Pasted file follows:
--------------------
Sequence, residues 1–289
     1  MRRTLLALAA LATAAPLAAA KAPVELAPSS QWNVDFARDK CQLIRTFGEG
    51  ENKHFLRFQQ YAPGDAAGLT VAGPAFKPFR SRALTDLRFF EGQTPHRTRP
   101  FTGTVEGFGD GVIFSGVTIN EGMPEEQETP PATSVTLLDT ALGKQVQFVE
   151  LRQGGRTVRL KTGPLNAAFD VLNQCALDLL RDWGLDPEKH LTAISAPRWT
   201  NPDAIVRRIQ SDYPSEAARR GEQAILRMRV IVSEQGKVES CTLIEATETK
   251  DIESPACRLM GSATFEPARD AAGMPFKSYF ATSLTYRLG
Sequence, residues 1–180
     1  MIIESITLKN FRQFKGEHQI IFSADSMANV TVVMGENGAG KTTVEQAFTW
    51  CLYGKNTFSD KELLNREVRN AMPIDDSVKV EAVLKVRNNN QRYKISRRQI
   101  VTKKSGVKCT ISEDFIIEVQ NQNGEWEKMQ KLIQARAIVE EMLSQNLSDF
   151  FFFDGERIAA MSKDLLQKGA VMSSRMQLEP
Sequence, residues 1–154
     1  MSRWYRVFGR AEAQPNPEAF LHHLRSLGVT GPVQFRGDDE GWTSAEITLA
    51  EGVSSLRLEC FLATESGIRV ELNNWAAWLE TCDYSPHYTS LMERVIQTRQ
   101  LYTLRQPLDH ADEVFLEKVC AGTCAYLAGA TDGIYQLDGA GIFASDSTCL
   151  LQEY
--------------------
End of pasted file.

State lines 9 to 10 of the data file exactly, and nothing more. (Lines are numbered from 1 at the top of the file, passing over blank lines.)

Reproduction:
     1  MIIESITLKN FRQFKGEHQI IFSADSMANV TVVMGENGAG KTTVEQAFTW
    51  CLYGKNTFSD KELLNREVRN AMPIDDSVKV EAVLKVRNNN QRYKISRRQI